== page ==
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Weather in the Foothills

Posted by on Apr 4th, 2013 and filed under News. You can follow any responses to this entry through the RSS 2.0. You can leave a response or trackback to this entry


“Everything is blooming recklessly; if it were voices instead of colors, there would be an unbelievable shrieking into the heart of night.”  ~ Rainer Maria Rilke

NEW Weather in Foothills ART WEB

Rain … I waited last weekend for its arrival after the National Weather Service  predicted a 100% chance on Easter Sunday. Church and Easter egg hunts were long over when the first drops fell.

The initial report came from my husband mid-afternoon as he called from a bike ride along the L.A. Riverwalk.

“Hi! I am soaked.”

I replied, “Are you okay? Did you fall into the river?”

“Of course not! It is raining pretty good down here. Just thought you would want to know. See you soon.”

When all was said and done, the “Easter Storm of 2013” dumped only .10 of an inch of rain in the foothills. The season total thus far stands at a meager 10.78 inches. Not great when you consider our annual rainfall average is around 24 inches. We desperately need “April showers!”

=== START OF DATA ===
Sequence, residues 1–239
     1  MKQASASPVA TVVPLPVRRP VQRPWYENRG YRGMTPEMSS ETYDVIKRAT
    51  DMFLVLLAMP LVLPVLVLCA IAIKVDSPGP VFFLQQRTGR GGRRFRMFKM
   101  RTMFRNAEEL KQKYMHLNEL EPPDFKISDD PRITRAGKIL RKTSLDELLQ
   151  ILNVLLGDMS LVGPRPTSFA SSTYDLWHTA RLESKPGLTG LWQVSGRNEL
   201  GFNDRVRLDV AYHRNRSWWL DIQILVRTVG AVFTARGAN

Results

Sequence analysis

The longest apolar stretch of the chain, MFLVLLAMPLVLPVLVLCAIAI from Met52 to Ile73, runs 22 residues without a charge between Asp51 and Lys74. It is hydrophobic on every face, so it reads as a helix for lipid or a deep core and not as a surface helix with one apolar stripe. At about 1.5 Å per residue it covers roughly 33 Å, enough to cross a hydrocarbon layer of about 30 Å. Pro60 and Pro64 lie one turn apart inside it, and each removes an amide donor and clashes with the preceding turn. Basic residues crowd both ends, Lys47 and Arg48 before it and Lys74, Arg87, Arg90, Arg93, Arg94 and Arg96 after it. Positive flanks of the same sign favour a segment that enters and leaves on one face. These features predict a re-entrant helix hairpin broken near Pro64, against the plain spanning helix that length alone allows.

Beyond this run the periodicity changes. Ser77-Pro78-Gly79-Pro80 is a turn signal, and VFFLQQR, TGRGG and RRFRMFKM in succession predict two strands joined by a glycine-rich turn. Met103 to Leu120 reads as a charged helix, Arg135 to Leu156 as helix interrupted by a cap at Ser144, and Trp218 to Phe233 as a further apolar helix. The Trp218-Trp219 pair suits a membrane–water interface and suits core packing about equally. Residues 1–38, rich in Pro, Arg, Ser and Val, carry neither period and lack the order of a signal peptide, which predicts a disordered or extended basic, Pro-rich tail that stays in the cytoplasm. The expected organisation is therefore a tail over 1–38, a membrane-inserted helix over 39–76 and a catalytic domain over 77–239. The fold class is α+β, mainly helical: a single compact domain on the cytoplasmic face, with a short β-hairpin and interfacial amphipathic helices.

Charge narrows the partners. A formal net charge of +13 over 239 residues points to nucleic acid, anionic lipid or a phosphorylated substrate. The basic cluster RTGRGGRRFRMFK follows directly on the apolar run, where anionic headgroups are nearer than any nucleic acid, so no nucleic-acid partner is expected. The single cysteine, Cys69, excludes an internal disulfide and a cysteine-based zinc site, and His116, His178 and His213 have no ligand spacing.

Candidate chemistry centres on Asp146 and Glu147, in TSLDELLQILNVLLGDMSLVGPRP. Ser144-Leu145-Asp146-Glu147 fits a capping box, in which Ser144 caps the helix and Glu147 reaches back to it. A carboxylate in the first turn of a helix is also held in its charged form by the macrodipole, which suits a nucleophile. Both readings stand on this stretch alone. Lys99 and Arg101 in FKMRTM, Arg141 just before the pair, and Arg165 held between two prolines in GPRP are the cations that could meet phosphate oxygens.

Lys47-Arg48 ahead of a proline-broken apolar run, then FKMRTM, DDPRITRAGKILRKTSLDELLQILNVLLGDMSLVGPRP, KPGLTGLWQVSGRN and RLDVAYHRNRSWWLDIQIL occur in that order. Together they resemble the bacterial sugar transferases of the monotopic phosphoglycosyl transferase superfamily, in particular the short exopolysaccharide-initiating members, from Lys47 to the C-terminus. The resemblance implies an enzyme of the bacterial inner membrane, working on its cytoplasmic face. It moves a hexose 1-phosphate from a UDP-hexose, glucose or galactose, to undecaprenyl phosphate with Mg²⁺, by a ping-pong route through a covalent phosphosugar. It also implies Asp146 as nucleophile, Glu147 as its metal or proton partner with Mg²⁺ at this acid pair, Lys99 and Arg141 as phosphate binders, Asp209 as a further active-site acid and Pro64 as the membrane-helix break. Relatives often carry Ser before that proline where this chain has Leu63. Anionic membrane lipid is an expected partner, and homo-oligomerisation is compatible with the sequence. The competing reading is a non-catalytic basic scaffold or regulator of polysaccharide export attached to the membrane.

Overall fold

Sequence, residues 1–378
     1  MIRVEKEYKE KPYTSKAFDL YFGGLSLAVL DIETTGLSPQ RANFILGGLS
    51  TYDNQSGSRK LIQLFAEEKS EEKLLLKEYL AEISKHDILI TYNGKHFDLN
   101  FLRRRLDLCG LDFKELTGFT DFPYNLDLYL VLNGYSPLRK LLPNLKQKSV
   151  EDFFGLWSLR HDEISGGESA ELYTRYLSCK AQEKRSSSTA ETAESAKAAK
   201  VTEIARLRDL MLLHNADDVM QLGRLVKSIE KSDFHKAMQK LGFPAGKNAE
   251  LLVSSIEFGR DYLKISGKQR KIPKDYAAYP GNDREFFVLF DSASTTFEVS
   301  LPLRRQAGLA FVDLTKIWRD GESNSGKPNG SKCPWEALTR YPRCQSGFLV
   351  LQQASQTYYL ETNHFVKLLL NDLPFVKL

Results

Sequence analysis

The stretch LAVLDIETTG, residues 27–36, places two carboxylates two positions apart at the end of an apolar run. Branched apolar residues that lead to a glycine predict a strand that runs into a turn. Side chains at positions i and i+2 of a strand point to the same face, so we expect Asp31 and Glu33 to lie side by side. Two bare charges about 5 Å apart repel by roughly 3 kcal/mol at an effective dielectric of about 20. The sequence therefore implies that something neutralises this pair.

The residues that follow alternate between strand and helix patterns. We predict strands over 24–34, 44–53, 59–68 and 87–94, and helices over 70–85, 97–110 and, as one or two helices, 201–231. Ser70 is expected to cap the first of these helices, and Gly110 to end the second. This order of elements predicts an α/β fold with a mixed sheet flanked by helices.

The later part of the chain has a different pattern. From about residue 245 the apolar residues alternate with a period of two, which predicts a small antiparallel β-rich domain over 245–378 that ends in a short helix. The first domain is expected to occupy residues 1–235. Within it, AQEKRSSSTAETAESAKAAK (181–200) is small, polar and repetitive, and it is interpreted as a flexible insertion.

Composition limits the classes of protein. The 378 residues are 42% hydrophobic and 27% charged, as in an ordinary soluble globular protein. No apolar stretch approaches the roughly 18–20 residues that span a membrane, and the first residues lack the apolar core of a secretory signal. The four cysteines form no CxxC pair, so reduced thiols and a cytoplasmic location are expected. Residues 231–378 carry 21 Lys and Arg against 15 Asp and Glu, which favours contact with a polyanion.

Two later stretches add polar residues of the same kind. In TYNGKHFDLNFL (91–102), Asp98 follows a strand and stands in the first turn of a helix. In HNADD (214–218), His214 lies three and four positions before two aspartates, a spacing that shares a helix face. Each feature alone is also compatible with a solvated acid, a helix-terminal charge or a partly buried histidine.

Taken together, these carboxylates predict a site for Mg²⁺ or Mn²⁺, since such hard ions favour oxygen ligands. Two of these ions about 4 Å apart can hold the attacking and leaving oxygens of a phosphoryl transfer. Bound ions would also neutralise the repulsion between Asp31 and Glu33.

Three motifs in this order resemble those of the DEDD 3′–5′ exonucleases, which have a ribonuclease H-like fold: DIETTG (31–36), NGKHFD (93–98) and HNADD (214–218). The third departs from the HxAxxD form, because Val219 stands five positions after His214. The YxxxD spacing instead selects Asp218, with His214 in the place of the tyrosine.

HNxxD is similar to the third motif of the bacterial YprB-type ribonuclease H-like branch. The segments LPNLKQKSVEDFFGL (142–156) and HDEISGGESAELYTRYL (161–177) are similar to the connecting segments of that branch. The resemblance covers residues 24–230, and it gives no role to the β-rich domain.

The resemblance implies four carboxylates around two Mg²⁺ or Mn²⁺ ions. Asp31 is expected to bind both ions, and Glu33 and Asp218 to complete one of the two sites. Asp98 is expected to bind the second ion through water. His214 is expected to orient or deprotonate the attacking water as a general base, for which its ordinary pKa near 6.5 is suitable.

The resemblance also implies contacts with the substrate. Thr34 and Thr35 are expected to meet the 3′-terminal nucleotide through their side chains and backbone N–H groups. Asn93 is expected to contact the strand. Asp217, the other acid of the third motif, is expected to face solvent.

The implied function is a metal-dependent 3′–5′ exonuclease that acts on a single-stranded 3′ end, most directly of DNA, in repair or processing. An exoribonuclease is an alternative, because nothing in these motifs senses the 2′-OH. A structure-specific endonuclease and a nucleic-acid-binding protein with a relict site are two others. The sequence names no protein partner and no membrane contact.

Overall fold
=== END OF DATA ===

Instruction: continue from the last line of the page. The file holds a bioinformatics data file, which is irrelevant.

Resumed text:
Have you noticed the yellow pollen and other “tree stuff” on every surface outdoors? Oak trees seem to be the primary source. This can be expected during the spring months. However, this year the amount seems excessive. Keeping the patio, outdoor furniture, cars and the pool clean is not possible.

I questioned, “What’s behind the oak trees raining down this mess?” Must be weather related … isn’t everything? Maybe. With rainfall totals below average for two consecutive years, there might be some connection.

Botanists and arborists revealed the answer. It seems drought conditions put stress on oak trees, which lead to a surplus of pollen. Oaks feel threatened by lack of water and their response is to make more baby oak trees, hence survival. The pollen output is the tree actually “gasping for life.”

The oaks pollinate from long flower clusters, called catkins. These dangle from branches until the wind blows, sending them flying for miles. Despite the mess and allergies these cause, think of the good. Come fall, the acorn crop will have squirrels chattering with joy. Also, the oak trees’ future is assured. Benefits all!

Cooler temperatures with a very slight chance for rain is expected Thursday and over the weekend. Once again, come Tuesday a warming trend along with clearer skies move in.

We can’t do much about the lack of rain except enjoy the weather!
Sue Kilpatrick is a
Crescenta Valley resident and
Official Skywarn Spotter for the
National Weather Service. Reach her at

Categories: News

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